Despite its cold climate, Minnesota is an ideal location for fishing year-round. Whether with family or friends, there are great fishing spots all over the state sure to suit your needs. Some lakes are better in different seasons, and it’s always useful to read up on local regulations and conditions before embarking on your trip. With a little inside information, though, you’ll find that the 10,000 lakes of Minnesota can more than meet your fishing needs.

Bear Creek Reservoir

Located near Rochester, the Bear Creek Reservoir provides over 100 acres of water. In addition to bass, you will find bluegill, black crappie, trout, and channel catfish in these waters. There’s also a boat ramp and opportunities to camp, swim, and sunbathe. Anglers need to buy a park pass to fish in the reservoir and there are regulations limiting the number of fish you can catch. Bear Creek Reservoir has excellent accessibility for those who use wheelchairs or other devices, so fishing can be enjoyed by everyone. All of your needs travel needs can be taken care of by TPI Hospitality, so why not book a room in Rochester today!


Lake Mille Lacs

If it’s walleye you’re after, look no further than Lake Mille Lacs, the second largest lake in the state of Minnesota. You’ll also find both largemouth and smallmouth bass, northern pike, and tullibee at Mille Lacs. Thanks to its size and the location of its rocks and reefs, this lake offers optimal fishing all year round. In the winter, you can rent an ice house, and there are also special darkhouses that enable fishermen to see the bottom of the lake by blocking out external light. 

This is a popular tourist destination, so when you’re done for the day you can enjoy one of the various dining options in Onamia, Isle, or Garrison. Unwind with some food and a beer, overlooking the beautiful lake.


Otter Tail Lake

Otter Tail Lake is about three hours northwest of Minneapolis and clocks in at nearly 14,000 acres. Anglers will find walleye, northern pike, rock bass, and yellow perch in this body of water.  Although the lake’s depth reaches 120 feet in some areas, the majority of the lake is only about fifteen feet deep, making it a prime spot for bass. There are plenty of lodging options around the lake, and the small town is friendly and hosts many seasonal events. There are also several public boat launches for easy access. Additionally, you can camp near the lake year-round to take advantage of each season’s unique benefits.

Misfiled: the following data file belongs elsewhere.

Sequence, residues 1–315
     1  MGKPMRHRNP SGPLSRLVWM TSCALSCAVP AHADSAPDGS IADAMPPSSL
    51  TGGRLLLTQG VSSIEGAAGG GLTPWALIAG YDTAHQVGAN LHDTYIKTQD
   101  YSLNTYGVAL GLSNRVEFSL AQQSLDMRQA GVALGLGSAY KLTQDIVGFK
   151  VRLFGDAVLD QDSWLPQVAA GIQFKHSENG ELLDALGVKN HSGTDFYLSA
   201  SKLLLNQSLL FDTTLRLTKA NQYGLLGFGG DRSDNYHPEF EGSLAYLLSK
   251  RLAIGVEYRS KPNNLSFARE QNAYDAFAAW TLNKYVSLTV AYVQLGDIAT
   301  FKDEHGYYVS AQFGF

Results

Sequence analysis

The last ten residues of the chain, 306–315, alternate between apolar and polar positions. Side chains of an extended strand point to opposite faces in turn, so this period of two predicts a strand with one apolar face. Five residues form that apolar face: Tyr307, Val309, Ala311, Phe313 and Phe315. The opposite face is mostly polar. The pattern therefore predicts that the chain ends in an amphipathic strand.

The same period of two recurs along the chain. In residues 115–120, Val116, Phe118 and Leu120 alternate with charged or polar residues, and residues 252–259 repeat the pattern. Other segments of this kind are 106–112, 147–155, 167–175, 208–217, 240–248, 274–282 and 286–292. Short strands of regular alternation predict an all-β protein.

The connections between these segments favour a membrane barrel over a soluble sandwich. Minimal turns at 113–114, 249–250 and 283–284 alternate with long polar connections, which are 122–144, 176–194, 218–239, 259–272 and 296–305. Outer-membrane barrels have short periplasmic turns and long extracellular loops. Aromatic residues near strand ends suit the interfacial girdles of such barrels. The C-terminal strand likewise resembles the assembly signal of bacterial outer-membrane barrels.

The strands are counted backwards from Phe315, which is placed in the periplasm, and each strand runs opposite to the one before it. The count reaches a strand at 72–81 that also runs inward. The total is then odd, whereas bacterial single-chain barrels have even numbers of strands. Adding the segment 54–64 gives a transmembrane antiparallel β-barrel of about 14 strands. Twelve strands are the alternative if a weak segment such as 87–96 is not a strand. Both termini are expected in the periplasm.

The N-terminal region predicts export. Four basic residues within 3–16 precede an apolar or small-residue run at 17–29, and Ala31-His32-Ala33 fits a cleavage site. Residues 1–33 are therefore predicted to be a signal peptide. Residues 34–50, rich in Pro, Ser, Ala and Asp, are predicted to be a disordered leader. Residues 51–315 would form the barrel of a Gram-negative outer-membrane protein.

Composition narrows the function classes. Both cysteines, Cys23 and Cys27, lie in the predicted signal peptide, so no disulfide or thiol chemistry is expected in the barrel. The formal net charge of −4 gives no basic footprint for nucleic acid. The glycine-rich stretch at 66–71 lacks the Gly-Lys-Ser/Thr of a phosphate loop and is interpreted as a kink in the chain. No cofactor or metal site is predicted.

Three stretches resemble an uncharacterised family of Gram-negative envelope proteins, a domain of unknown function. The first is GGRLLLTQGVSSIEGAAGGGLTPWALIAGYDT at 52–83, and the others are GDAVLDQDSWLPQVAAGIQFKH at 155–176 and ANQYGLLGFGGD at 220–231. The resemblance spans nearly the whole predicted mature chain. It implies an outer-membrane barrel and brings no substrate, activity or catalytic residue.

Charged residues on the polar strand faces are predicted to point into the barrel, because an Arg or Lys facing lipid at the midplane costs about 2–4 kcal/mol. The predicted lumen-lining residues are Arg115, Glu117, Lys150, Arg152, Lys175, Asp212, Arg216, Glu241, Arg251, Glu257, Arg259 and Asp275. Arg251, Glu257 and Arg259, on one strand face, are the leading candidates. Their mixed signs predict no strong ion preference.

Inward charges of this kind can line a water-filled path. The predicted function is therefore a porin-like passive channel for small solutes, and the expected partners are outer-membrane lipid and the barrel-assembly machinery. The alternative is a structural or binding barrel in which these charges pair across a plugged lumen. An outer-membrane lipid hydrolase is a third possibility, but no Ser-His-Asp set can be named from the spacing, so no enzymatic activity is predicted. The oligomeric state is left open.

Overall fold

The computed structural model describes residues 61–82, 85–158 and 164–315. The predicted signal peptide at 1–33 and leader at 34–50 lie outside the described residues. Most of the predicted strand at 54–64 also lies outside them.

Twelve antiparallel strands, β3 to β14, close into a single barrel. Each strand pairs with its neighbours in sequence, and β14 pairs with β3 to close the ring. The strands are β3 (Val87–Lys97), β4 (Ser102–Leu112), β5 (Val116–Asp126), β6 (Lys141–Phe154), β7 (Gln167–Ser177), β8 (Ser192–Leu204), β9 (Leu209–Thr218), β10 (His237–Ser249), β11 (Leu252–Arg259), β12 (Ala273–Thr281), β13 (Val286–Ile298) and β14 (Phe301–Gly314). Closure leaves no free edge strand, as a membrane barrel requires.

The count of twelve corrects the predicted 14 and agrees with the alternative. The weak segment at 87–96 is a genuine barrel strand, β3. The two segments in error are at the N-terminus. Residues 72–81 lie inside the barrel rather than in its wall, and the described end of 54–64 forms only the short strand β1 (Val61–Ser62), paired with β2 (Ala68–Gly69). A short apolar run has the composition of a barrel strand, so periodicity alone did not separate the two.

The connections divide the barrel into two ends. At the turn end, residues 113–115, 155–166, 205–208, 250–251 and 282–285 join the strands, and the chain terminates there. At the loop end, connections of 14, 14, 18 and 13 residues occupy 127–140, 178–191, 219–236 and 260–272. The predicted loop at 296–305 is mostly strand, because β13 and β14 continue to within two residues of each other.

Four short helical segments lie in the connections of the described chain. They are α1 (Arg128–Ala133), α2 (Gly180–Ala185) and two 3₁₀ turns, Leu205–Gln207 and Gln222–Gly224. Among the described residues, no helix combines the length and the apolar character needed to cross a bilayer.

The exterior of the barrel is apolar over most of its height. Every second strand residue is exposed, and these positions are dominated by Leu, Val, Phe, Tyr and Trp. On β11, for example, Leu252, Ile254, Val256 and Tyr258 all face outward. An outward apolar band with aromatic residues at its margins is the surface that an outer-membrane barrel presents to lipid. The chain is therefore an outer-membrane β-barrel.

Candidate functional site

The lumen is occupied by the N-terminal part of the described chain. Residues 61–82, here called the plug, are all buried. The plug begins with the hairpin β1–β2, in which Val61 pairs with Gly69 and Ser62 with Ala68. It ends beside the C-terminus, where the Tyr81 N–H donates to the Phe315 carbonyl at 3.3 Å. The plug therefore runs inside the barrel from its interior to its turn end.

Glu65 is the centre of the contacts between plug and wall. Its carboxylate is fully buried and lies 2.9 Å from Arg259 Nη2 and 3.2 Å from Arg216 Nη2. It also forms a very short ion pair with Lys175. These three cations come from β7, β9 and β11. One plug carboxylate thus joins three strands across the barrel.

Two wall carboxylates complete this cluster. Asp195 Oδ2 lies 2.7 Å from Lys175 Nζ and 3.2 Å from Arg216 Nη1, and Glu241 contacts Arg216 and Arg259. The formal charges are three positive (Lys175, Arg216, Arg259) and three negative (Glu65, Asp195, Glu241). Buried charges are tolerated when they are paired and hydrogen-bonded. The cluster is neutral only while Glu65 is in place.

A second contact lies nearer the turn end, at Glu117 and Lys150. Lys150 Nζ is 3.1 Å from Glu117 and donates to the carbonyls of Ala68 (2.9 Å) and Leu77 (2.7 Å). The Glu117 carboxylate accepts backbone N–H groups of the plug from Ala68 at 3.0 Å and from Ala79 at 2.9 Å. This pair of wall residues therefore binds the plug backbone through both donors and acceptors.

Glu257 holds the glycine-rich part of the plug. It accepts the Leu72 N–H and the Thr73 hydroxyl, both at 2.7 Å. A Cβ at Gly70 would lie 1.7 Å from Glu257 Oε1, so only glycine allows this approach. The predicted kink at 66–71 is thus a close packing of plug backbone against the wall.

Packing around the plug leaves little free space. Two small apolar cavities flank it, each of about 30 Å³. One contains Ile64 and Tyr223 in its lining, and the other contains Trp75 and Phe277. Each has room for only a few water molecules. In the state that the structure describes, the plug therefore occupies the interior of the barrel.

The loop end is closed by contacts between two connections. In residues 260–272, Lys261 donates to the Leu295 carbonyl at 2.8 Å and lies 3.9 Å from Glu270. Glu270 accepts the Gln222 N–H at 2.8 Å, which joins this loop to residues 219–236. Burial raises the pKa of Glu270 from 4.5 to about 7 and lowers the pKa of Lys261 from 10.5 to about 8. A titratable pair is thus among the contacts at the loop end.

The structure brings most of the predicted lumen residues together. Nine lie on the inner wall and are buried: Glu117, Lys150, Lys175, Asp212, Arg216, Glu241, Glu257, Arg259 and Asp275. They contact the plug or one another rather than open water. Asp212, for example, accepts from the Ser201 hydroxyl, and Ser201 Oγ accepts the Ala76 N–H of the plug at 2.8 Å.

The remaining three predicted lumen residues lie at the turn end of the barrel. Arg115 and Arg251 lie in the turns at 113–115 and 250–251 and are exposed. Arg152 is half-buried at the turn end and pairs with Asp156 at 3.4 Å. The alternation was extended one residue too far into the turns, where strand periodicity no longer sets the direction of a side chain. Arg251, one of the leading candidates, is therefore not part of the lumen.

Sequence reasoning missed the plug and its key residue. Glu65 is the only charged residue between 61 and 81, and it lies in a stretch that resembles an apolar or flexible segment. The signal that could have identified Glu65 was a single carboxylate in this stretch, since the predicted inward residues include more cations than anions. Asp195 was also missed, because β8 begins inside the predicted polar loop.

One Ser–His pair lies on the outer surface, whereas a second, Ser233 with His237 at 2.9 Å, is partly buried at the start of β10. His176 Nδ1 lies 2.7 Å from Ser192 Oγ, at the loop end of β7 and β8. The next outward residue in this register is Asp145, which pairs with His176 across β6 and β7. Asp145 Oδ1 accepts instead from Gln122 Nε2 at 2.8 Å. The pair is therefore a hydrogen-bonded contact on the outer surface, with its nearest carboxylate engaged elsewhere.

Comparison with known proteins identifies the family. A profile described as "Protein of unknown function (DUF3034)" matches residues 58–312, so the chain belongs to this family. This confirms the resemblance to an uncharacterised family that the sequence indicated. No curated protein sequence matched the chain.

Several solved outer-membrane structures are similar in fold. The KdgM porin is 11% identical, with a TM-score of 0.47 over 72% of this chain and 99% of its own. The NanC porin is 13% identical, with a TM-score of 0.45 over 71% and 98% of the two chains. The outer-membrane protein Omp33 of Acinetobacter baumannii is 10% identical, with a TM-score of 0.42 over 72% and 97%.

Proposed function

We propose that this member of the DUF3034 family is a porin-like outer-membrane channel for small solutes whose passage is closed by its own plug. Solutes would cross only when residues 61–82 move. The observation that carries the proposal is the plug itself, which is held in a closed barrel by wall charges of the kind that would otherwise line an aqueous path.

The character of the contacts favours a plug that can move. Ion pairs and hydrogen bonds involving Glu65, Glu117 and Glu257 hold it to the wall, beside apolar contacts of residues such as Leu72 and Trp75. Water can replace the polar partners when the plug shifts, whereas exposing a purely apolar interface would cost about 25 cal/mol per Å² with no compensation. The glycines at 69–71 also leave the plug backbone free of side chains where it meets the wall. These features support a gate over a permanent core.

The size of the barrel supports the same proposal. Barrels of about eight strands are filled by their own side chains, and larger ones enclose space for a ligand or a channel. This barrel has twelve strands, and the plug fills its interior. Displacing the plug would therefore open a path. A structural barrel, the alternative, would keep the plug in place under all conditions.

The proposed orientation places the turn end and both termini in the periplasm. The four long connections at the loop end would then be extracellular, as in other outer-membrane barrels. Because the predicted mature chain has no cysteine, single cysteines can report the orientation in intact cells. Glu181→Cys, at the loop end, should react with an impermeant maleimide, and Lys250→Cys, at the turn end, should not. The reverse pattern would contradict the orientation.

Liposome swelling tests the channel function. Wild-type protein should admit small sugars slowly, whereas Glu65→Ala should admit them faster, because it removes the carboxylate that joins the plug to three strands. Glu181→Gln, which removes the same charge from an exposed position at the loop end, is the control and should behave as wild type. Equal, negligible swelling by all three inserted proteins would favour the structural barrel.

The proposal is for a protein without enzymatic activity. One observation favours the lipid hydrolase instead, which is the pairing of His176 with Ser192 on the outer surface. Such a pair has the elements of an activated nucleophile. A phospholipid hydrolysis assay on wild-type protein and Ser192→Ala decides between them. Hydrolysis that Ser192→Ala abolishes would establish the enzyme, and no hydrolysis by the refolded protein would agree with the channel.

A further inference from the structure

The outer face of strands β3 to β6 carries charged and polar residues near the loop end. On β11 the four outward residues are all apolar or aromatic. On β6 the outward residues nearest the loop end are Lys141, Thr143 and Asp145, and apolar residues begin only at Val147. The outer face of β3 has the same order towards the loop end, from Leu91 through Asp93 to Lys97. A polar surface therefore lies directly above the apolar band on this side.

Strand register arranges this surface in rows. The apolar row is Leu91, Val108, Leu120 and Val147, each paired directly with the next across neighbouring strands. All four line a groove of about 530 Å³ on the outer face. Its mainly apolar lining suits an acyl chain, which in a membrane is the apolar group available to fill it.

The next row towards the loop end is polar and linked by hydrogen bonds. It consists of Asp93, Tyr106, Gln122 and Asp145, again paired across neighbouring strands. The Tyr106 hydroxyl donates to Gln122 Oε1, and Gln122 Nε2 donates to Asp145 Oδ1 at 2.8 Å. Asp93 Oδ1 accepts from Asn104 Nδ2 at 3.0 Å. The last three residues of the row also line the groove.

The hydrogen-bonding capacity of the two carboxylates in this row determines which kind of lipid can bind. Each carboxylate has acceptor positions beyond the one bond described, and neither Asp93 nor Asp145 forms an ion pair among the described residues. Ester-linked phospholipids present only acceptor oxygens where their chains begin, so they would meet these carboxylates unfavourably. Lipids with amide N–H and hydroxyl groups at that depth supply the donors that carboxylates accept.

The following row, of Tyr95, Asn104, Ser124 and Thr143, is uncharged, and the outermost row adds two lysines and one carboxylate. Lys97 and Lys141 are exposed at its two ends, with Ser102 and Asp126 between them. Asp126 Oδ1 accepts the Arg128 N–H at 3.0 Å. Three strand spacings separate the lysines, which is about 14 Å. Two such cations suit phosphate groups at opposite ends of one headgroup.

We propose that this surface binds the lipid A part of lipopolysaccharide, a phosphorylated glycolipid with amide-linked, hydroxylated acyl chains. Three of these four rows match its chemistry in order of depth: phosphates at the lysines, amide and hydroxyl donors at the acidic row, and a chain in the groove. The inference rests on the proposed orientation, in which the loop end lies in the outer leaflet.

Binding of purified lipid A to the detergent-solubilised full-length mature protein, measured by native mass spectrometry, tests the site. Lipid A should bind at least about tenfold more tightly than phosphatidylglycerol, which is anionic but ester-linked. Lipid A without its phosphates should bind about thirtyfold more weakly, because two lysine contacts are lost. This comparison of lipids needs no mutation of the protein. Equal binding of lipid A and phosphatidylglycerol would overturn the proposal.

Lake Minnetonka

If you don’t want to leave the city, Lake Minnetonka is a great no-hassle option located right in the Minneapolis metro area. You won’t have to deal with traveling or finding accommodation, and you can still catch northern pike, walleye and bass, to name a few. Lake Minnetonka is home to more bass competitions than any other lake in the state, and anglers can find both largemouth and smallmouth bass in this body of water. This truly is a quick and easy option for anglers short on time. 

Green Lake

About an hour car ride from Minneapolis, Green Lake gets you away from the city without needing to travel too far. Green lake is a large, deep lake with crystal clear water. The most commonly found fish in this lake include bluegill, crappie, largemouth bass, lake sturgeon, northern pike, and walleye.

During the nearby Chisago City’s “Ki-Chi-Saga” Days festival, a bass tournament is held on the lake. Green Lake also hosts a yearly carp festival where contestants compete to catch the most carp in one night. 

Whether you’re there for a fishing tournament or on your own private fishing trip, stay in the Hilton Inn Green Lake Resort in Spicer. The resort is conveniently located on the shore of the lake right next to the marina and boat slips, making it easy get an early start for that perfect day of fishing. Start the day right with a free hot breakfast before you go out on the lake.

To make any fishing trip successful, make sure you prepare properly beforehand. Remember to take appropriate safety precautions, and check the fishing report to understand the latest conditions. Many lakes have local regulations on certain species that vary from statewide regulations, so it’s good to double-check before heading out onto the water.